Telesur | 31 August, 2016
In return, Brazil’s Foreign Ministry said it will recall its ambassadors to both countries, according to a diplomatic source quoted by Reuters.
In a statement, the Ecuadorean government also condemned the Senate decision to oust Rousseff – who was elected president to a second term with a popular mandate of 54 million votes in 2014 – and announced plans to recall its representative in Brazil.
“Given these exceptional facts, the government of Ecuador has decided to call for consultations the charge d’affaires to the Republic of Brazil,” the statement continues.
The statement dubbed Rousseff’s removal from office a “spurious” process that failed to fulfill the constitutional requirement of proving that the president committed “crimes of responsibility” to justify impeachment. It also noted that Ecuador’s government “cannot ignore the fact that many of the decision-makers in Rousseff’s impeachment are being investigated for serious acts of corruption.” Installed President Michel Temer, now-Foreign Minister Jose Serra, chief impeachment leader Eduardo Cunha and several other high-profile figures behind Rousseff’s impeachment are embroiled in massive corruption scandals.
On his Twitter account, President Rafael Correa criticized the news of the coup immediately following the 61 to 20 vote to impeach Rousseff over charges of manipulating the budget and reiterated the country’s condemnation of the decision.
For its part, Venezuela said it had decided “to freeze all political and diplomatic relations with a government that emerged from a parliamentary coup.”
“All solidarity with @dilma and the people of Brazil, we condemn the right-wing oligarchic coup, those who fight will prevail!” said Venezuelan President Nicolas Maduro on Twitter.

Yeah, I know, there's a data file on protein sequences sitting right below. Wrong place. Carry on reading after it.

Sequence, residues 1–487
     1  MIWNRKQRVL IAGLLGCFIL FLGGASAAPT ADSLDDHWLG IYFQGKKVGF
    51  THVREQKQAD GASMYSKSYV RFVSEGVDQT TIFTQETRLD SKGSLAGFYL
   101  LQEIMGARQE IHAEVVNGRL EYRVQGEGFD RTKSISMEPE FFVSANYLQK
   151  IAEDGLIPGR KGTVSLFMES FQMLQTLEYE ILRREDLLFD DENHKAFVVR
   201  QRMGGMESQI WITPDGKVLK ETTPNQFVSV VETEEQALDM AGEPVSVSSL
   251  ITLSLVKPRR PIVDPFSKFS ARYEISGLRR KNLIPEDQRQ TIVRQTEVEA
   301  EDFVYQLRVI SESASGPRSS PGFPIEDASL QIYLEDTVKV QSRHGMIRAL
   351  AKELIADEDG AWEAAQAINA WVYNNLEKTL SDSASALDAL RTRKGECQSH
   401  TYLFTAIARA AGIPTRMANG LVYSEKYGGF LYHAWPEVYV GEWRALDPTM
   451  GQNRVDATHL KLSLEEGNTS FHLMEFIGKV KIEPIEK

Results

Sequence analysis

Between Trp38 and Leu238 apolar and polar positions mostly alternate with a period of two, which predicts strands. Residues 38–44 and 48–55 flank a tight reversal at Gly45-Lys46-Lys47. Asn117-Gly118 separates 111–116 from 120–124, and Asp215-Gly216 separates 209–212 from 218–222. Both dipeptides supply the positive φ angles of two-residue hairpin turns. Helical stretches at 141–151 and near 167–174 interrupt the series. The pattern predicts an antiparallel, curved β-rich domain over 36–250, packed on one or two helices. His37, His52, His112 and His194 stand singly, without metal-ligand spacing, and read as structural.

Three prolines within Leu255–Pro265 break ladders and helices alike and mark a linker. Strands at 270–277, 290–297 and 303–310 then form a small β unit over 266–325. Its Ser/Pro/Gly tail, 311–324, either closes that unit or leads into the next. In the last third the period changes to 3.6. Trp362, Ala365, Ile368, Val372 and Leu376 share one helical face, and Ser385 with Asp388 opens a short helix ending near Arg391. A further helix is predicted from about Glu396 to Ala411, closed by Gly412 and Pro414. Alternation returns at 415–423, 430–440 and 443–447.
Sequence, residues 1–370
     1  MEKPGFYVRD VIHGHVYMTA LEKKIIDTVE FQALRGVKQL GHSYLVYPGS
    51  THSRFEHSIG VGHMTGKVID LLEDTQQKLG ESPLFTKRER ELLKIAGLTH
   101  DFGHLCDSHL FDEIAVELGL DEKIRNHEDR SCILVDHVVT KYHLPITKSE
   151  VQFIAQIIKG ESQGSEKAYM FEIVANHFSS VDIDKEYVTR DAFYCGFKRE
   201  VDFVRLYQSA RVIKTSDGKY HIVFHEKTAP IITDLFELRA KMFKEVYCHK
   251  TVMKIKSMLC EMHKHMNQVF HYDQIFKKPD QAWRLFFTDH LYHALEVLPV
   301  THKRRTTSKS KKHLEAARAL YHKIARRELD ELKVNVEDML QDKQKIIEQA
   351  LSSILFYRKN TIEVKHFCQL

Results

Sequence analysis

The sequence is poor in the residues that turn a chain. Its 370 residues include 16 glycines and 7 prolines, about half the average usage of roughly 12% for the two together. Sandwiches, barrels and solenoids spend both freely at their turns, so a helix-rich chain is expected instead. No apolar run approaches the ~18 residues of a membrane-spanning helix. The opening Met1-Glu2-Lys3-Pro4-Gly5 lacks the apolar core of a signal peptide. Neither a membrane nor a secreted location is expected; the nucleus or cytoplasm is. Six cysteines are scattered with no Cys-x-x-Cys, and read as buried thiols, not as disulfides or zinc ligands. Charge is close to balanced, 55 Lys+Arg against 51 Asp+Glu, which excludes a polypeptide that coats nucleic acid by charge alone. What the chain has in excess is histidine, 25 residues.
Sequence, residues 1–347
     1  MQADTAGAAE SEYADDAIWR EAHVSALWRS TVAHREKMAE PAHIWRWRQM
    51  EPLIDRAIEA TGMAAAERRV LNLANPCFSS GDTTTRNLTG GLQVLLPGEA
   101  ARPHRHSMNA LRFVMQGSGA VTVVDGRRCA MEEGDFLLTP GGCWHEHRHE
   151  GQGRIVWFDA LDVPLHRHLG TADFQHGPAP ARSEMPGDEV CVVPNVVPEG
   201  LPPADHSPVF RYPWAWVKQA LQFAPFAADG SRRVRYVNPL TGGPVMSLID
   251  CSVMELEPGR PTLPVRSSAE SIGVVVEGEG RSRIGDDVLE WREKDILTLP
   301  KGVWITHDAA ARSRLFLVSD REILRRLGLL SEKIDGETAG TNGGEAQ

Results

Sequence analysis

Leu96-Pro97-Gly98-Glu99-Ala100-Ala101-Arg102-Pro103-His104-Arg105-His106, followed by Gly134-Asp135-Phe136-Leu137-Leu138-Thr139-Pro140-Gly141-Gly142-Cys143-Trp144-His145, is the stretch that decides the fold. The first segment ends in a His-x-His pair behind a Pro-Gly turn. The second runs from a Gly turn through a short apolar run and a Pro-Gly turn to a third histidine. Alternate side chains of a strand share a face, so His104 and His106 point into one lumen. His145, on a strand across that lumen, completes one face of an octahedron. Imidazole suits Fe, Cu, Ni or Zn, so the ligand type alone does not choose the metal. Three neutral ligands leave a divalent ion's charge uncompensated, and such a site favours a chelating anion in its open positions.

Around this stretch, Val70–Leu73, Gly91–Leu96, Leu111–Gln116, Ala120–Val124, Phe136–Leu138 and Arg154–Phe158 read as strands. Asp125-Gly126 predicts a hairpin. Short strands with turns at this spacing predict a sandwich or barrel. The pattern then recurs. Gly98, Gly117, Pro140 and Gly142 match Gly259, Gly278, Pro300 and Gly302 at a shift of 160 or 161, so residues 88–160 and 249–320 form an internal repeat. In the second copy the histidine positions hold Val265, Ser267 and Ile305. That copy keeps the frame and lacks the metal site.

“Never again will we lend legitimacy to these practices, which remind us of the darkest hours of our America,” he wrote. “All of our solidarity goes out to our comrade Dilma, with Lula, and all of the Brazilian people.”
The Ecuadorean government statement also warned that the widely condemned “soft coup” signals a threat to regional integration amid the reconsolidation of the right-wing with underhanded tactics after the socialist “pink tide” swept South America over a decade ago.
“These unfortunate events, unacceptable in the 21st century, pose a serious risk to the stability of our region and constitute a grave setback in the consolidation of democracy.”
Ahead of the final impeachment vote, Bolivian President Evo Morales wrote on his Twitter account Tuesday that the South American country would also recall its embassador to Brazil.
“If the parliamentary coup against the democratic government of Dilma Rousseff is successful, Bolivia will summon its ambassador,” he wrote. “We defend democracy and peace.”
In the wake of the vote in the Senate in May to suspend Rousseff from office to make her stand trial on route to the impeachment, Ecuador, Venezuela and El Salvador summoned their ambassadors to Brazil for consultations in protest of what they called a coup, while several other Latin American countries criticized the impeachment bid and expressed support for the suspended president.